It’s one thing to lose your home as a result of foreclosure and yet another to pay taxes for it. The Mortgage Forgiveness Debt Relief Act of 2007, as extended to 1 January 2017, does away with that requirement, exempting eligible homeowners from paying taxes on canceled mortgage debts.
With the extension in place, you can still avail of this temporary tax exemption should your lender forgive your mortgage debt. Find out how below.
What Is Mortgage Forgiveness
A mortgage forgiveness happens when your lender cancels all or a portion of your mortgage debt in connection with a foreclosure, short sale or principal reduction.
When you take out a mortgage or any loan for that matter, you are obligated to repay it. However, you may have missed payments on the loan and the lender would like you to keep paying nonetheless. To mitigate the situation, the lender may offer you to:
- Refinance is when you replace the old loan with a new loan at a lower rate.
- Loan modification is when you pay a reduced monthly payment, with the unpaid loan balance added to the loan, as modified.
If you remain in trouble with your mortgage obligations, the lender will exercise its right to foreclose on the property, subject to your right to challenge. Under foreclosure, the lender will repossess your home and will cancel your mortgage debt as a result. Other ways that your lender forgives your mortgage debt is when:
- Waiver of Deficiency. The lender opts not to pursue any deficiency or shortfall between the proceeds of the foreclosure sale or short sale and the actual amount owed on the mortgage.
- Principal Reduction, The lender will permanently reduce the outstanding principal balance (e.g. on mortgages with negative equity).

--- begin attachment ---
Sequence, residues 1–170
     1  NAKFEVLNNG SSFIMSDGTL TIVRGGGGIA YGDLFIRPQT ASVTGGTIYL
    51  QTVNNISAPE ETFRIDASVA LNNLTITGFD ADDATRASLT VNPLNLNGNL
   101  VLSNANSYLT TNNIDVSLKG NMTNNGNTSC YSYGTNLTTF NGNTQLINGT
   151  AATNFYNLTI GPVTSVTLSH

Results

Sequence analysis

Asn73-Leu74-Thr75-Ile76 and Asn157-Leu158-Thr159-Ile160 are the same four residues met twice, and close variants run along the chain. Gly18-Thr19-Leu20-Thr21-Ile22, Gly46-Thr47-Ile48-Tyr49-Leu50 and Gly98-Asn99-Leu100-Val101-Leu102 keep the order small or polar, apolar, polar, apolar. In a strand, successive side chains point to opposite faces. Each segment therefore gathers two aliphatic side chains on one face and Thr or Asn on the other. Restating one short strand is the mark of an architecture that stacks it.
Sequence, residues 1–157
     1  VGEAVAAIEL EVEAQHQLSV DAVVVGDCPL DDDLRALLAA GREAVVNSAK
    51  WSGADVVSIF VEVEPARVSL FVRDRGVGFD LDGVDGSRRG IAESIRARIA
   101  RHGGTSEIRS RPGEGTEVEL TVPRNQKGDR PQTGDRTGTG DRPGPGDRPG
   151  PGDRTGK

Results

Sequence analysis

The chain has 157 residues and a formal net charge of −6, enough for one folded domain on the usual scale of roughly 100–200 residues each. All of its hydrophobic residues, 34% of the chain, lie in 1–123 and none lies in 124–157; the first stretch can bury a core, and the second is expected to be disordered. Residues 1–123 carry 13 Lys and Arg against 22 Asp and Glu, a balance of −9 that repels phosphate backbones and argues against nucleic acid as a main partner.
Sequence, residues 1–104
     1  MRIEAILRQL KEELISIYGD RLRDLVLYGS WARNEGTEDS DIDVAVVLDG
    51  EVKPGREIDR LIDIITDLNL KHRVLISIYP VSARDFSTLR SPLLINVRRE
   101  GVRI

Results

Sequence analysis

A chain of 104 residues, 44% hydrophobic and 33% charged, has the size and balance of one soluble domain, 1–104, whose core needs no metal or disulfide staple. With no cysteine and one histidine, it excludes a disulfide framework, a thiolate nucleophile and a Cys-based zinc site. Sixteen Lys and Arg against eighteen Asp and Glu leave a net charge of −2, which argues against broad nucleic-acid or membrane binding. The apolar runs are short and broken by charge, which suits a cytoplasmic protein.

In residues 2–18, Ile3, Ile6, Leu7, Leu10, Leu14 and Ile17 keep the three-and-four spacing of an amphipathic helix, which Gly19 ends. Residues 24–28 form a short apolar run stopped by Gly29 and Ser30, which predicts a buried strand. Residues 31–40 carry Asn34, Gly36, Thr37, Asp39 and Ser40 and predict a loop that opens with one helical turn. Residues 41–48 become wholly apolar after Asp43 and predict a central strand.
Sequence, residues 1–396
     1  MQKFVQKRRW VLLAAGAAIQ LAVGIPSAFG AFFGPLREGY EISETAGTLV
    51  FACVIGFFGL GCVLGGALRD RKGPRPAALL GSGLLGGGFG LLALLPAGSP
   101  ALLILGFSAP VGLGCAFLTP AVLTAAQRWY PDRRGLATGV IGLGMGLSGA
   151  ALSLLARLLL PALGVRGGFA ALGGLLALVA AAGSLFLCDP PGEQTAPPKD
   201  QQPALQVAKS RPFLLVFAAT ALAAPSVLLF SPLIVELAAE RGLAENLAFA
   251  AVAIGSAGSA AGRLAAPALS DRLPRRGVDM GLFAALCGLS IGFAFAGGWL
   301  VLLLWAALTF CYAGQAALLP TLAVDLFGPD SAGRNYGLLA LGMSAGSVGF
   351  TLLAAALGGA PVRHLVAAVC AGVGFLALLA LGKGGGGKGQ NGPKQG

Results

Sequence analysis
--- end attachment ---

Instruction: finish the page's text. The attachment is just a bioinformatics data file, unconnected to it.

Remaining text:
What Is Mortgage Forgiveness Debt Relief
Now, the canceled or forgiven mortgage debt becomes a gain under tax laws and thus taxable. But under the Mortgage Forgiveness Debt Relief Act of 2007 (MFDRA), you won’t be taxed for that portion of your income that relates to the canceled mortgage debt.
To qualify for relief from taxes under the MFDRA, you must:
- Have a mortgage balance of less than $2 million. If you owe more than $2 million, you’d have to pay taxes on the amount that remains after you subtract the $2 million amount. Moreover, only $1 million in mortgage debt may be forgiven if you are married but you and your spouse are filing separate tax returns.
- Hold a mortgage securing a principal residence or primary home. A second home, vacation house, or investment property is not eligible.
- File an IRS Form 982, which requires documents to support the transaction, e.g. foreclosure, that resulted in the discharge of debt.
Consult with a tax professional for more details.
What Happens Next
Coincidentally, the MFDRA will expire (unless further extended) a day or so after the Home Affordable Modification Program ends. The HAMP is a government program specializing in loan modification for holders of Fannie Mae and Freddie Mac mortgages.
If you are unable to take advantage of mortgage forgiveness debt relief or the HAMP for that matter, talk to your lender.
Explain to them your current mortgage situation. For sure, you and your lender can work out ways you can possibly remain on top of your mortgage debt and remain in your home.